Tag Archive: Department of Defense

Mar 23 2015

Espionage: It’s OK If You’re a White General

There is a double standard when it comes to the Obama administration prosecuting individuals for leaking information under the Espionage Act of 1917. If you’re a general in the US military leaking information to a reprter or head of the CIA having an affair, it’s fairly safe to say that you won’t be prosecuted for espionage. The sweetheart deal that was given former CIA director and retired General David Petraeus is a prime example, not a day in jail and he is still in good graces with the White House. I guess when you know where all the bodies are buried you can get away with anything. But that doesn’t excuse the Obama administrations fervor for prosecution the whistleblowers who outed crimes and constitutional violations.

Obama’s war on whistleblowers leaves administration insiders unscathed

By Spencer Ackerman and Ed Pilkington, The Guardian

Five key political players enjoy ‘virtual impunity’ – while four lower-level figures are in prison or facing time

Since Barack Obama entered the White House in 2009, his government has waged a war against whistleblowers and official leakers. On his watch, there have been eight prosecutions under the 1917 Espionage Act – more than double those under all previous presidents combined.

And yet other apparent leaks have gone entirely unpunished or have been treated, as in the case of General David Petraeus, as misdemeanors. As Abbe Lowell, lawyer for one of the Espionage Act eight, Stephen Kim, has argued in a letter to the Department of Justice, low-level officials who lack the political connections to fight back have had the book thrown at them, while high-level figures have been allowed to leak with “virtual impunity”.

Lawyers for CIA Leaker Cite Selective Prosecution After Petraeus Plea Deal

By Peter Maas, The Intercept

Lawyers for Jeffrey Sterling, a former CIA official convicted earlier this year of leaking classified information to a New York Times reporter, have requested a reconsideration of his conviction because two former generals, David Petraeus and James Cartwright, have received far more lenient treatment for what they call similar offenses. [..]

In January, Sterling was convicted by a jury on nine criminal counts, including violations of the Espionage Act, for leaking classified information to Times reporter James Risen about a CIA effort to undermine Iran’s nuclear program. Sterling is to be sentenced in April and faces a maximum sentence of decades in jail. In a statement after the verdict was announced, Attorney General Eric Holder called the guilty verdict a “just and appropriate outcome.”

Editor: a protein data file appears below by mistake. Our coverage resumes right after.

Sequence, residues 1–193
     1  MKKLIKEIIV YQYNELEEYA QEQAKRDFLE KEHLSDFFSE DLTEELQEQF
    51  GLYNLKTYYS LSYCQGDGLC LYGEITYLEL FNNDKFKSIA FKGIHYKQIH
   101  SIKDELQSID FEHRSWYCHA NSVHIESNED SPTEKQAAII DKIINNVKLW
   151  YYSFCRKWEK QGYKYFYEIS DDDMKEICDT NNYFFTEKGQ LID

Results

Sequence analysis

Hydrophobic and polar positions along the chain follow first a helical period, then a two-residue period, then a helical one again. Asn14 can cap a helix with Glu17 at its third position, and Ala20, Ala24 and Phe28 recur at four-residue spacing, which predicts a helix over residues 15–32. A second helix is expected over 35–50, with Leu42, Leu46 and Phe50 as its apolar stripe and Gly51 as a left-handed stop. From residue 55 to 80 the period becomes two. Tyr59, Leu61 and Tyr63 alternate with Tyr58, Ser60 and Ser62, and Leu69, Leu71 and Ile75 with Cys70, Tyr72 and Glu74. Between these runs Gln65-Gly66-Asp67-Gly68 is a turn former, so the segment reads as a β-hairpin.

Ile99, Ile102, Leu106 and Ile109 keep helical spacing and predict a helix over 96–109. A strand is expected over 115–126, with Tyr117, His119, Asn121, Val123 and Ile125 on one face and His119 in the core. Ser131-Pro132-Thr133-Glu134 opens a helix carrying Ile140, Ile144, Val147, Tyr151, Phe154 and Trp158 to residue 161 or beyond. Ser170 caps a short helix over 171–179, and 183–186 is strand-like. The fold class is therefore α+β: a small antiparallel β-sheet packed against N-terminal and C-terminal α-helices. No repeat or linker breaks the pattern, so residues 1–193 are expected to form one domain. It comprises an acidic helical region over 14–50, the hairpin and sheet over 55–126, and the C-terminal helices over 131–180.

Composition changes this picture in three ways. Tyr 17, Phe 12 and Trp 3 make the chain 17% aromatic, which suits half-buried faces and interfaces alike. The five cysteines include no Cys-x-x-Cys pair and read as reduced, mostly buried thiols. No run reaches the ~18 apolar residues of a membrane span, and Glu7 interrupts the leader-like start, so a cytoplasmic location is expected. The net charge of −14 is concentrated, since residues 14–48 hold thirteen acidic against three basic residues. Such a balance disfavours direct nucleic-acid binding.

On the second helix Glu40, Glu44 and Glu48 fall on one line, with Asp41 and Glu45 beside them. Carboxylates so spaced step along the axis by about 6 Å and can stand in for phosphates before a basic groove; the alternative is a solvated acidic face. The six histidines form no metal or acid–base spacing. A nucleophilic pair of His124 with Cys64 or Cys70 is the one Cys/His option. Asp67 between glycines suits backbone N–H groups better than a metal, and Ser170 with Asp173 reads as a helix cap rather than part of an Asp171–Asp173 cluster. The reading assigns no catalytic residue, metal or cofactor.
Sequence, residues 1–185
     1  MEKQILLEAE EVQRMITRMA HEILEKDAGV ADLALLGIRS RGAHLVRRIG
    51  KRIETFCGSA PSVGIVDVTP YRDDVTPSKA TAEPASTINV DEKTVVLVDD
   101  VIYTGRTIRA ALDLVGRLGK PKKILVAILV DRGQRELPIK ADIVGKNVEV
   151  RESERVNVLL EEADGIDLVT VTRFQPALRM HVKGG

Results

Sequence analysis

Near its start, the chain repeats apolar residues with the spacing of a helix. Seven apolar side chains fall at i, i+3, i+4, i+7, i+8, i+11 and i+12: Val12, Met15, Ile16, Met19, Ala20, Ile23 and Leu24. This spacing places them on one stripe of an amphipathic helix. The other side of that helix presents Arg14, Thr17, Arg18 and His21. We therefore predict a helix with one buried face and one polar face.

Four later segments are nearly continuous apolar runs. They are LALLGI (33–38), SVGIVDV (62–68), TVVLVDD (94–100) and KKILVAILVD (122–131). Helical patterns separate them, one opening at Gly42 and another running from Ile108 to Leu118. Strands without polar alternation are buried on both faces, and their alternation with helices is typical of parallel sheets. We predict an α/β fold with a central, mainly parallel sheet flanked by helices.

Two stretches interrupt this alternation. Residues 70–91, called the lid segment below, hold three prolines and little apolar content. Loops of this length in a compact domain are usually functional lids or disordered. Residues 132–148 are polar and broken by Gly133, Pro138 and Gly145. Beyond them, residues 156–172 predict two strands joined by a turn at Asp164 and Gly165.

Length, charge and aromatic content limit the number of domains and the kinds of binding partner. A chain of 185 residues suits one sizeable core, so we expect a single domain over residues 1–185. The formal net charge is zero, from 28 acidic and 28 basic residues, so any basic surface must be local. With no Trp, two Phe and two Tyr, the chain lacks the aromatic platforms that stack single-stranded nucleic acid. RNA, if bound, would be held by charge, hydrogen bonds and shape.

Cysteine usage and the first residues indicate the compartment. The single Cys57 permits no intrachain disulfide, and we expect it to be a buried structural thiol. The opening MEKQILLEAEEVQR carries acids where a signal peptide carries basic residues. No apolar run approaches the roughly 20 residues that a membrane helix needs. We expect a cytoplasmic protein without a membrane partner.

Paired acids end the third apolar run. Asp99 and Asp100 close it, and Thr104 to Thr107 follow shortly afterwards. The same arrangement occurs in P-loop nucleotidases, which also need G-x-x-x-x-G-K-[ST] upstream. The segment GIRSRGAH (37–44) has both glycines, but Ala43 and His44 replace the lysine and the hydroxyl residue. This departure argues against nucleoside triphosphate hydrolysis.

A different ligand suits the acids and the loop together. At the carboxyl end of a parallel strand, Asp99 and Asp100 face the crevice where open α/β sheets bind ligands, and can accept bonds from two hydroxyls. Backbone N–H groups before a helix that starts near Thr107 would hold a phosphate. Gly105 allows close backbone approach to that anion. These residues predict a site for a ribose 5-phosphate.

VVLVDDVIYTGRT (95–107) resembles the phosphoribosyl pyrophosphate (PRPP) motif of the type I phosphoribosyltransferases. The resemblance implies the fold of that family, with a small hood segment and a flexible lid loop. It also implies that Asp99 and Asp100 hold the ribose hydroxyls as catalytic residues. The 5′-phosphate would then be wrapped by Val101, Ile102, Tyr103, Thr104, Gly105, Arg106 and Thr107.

But the government is coming under increasing criticism for its uneven prosecution of leakers.

Earlier this month, Petraeus, who led U.S. forces in Iraq and Afghanistan and was the director of the CIA, reached an agreement with prosecutors in which he pleaded guilty to a single misdemeanor charge of mishandling classified information when he gave his lover and authorized biographer, Paula Broadwell, eight notebooks filled with highly-classified information about military plans and secret programs, covert agent names, and confidential discussions he had with senior officials including President Obama. Petraeus, who resigned from the CIA when his affair with Broadwell was revealed, also admitted to lying to the FBI, but he was not charged for that. The plea agreement calls for two years probation and a $40,000 fine but no jail time.

No charges have been filed against Cartwright even though it has been reported that federal prosecutors believe he leaked highly classified information to Times reporter David Sanger about a joint effort by the U.S. and Israel to cripple Iran’s nuclear centrifuges through a cyber-attack with a computer worm called Stuxnet. According to The Washington Post, the FBI has interviewed Cartwright on at least two occasions but has stopped short of indicting him.

National Security & Human Rights director Jesselyn Radack, who is also the lawyer for whistleblowers Edward Snowden, Thomas Drake and John Kiriakou, spoke with Democracy Now!‘s Amy Goodman and Aaron Maté about the White House’s double standard.



The full transcript can be read here

It’s OK if you’re a white general and know where all the bodies are.

Jun 25 2014

Obama, Barack Obama 007: License to Kill

Three years ago the Unites States on the orders of President Barack Obama assassinated a native born American citizen, Anwar al Awlaki, in Yemen, using the rational that he was an “immanent threat” and, well, because they could. To this day, other than al-Awlaki’s videos and writing, that are covered under the First Amendment, there has been no evidence that this man was an immanent threat to the security of United States. No evidence, no indictment, no trial. Just a clear violation of al-Awlaki’s rights as an American.

One of the memos that was used to justify this murder was released this week after the Obama administration’s loss of a FOIA request by the ACLU and the New York Times. Needless to say, the memo written by Acting Assistant Attorney General of the Office of Legal Counsel, and now United States Circuit Judge, David Barron, is heavily redacted. The memo is, as the New York Times Editorial Board so blithely put it, “a slapdash pastiche of legal theories – some based on obscure interpretations of British and Israeli law – that was clearly tailored to the desired result”.

Citing the Authorization to Use Military Force (AUMF), that started the nebulous “global war on terror,” is hardly a defense for taking a man’s life without due process under our laws and wouldn’t hold water in any legitimate court like the Hague.